BD:    You see it as an upbeat ending then?

RR:    Yes, I do.  It’s a tragic ending, but it does offer a way out, a solution.  I don’t think it’s one that will probably ever be taken.  That’s my own view.  I don’t see people changing.

BD:    The tragic ending is the Immolation, but then Wagner writes another five minutes of music turning the corner back up again?

RR:    Right.  That’s the way I feel.  Otherwise the music would not end the way it does in that transfigured key of D-flat major.  It goes down a whole step from the beginning of the cycle.  There are the seeds of success of a positive ending.  That’s the point of the great Immolation that Brünnhilde sings.  Now she knows all and what she could have done, but it’s too late.

BD:    Is there any way to stopping Brünnhilde from killing Siegfried?

RR:    No, I don’t think so.

BD:    If she’d not killed Siegfried, would it have made for a better world?

RR:    I doubt it.  I think, once again, you have that ring to deal with, and Hagen would have surely ended up figuring out a way to kill Siegfried himself.  As long as the ring is lost in the world, there is trouble.  That is what bothers Wotan as soon as he knows from Erda that the gods can really die, that it is the mortal curse he is holding on his finger.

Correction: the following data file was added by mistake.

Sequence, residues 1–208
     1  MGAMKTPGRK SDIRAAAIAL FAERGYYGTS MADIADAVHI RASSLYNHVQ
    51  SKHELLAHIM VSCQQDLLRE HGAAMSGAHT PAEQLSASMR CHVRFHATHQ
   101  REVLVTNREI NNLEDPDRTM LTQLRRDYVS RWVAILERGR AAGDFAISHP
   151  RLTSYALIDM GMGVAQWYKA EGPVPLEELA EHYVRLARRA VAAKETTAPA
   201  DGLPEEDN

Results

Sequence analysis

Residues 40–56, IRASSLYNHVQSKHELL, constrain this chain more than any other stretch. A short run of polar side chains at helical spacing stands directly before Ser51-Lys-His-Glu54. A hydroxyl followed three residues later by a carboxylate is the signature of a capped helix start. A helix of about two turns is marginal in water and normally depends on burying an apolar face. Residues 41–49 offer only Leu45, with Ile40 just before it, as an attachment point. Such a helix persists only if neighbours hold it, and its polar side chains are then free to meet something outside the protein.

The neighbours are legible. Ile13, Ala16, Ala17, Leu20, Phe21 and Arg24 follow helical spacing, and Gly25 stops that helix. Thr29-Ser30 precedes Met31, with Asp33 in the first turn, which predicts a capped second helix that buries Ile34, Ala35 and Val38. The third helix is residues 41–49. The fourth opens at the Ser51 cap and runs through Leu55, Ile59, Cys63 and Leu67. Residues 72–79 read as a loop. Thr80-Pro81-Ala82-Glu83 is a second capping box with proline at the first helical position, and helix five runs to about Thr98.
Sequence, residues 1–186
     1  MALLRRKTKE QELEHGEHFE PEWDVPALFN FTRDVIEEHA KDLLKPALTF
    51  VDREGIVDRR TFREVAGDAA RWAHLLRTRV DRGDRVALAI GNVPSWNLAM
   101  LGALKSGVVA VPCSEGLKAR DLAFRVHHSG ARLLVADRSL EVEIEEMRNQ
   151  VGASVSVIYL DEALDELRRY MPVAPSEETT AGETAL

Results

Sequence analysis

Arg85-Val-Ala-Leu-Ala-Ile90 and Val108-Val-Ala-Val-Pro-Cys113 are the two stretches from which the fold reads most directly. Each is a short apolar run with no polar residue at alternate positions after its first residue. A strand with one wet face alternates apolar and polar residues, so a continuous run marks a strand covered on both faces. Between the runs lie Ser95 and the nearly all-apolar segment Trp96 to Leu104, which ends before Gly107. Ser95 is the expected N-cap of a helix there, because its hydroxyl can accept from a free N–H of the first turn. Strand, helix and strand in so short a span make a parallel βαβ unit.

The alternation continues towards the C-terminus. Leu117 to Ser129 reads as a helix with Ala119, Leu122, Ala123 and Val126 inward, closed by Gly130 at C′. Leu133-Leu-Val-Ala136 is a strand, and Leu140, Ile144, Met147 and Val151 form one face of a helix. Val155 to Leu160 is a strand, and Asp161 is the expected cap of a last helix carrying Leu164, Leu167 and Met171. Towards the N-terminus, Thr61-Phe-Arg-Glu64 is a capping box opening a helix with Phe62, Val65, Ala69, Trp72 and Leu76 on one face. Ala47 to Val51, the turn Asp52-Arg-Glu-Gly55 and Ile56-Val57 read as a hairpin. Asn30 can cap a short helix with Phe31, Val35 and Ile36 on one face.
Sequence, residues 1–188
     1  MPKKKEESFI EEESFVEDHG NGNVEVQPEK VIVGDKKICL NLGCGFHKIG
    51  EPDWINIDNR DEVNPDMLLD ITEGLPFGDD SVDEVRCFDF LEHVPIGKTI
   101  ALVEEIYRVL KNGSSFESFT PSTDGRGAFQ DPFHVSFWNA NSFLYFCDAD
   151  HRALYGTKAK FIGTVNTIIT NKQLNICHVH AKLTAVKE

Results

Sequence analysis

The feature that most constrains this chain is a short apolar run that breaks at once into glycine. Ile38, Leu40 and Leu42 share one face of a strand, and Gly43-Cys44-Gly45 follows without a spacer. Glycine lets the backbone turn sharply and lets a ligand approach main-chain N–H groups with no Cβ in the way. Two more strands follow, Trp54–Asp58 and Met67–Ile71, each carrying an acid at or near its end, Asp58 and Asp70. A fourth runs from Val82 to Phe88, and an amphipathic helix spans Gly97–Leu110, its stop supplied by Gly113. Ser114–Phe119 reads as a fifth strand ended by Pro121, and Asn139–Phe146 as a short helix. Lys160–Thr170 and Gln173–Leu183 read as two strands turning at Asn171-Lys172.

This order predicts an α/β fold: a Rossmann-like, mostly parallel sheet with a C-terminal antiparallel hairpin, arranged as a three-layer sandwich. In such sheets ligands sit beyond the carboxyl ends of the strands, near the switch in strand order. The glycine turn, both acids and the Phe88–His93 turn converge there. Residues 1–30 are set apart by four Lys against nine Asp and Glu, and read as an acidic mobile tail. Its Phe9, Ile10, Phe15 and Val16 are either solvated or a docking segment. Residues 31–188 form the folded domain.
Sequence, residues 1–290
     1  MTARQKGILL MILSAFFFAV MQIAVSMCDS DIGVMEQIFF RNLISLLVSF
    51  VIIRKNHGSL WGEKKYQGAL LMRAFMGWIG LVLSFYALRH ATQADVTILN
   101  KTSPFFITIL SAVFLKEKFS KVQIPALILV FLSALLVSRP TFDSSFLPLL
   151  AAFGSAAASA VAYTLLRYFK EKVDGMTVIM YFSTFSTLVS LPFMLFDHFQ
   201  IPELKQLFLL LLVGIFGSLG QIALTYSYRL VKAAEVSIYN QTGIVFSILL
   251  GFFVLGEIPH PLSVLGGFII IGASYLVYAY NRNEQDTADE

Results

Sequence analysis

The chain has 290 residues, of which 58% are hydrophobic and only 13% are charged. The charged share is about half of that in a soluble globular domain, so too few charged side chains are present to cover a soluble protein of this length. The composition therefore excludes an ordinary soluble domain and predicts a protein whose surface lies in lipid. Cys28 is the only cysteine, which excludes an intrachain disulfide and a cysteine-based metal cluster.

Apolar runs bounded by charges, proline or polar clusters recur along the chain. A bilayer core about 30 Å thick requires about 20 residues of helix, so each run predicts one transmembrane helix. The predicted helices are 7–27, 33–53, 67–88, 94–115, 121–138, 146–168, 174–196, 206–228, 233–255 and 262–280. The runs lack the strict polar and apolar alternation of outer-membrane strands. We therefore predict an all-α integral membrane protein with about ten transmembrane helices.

BD:    So he’s glad to give it up to the giants?

RR:    No, he is not.  It’s very difficult because of all he had gone through to gain it, and of course it still has this great power.  He hasn’t seen the curse work yet, you know, and after Fafner kills Fasolt, then things begin to be borne in on him very quickly.

BD:    Would the ring work for Wotan?

RR:    I don’t think so, no.

BD:    It only works for Alberich?

RR:    I see what you mean.  You are asking if it is effectual.  No, it works for whoever has got it.

BD:    There are some lines in the text where Alberich says he is the only one who can make the power of the ring work.

RR:    I will have to think about that.  Of course, Fafner says he had changed himself into a dragon.

BD:    But that’s not the ring; that is the Tarnhelm.

RR:    Right.  Fafner has no need to worry about putting anybody under his dominion.  I have to think that theoretically he could figure out how to use the ring... but maybe not.

BD:    And yet Mime could not use the Tarnhelm even though he made it because he doesn’t have the magic.

RR:    It’s funny, itsn’t it?  That’s the inconsistency.  It’s a good point.

*     *     *     *     *

BD:    Did Wagner know how to write well for the voice?

RR:    I think so.  In many cases he wrote more realistically for the voice than Verdi did.  Many of our best voices are not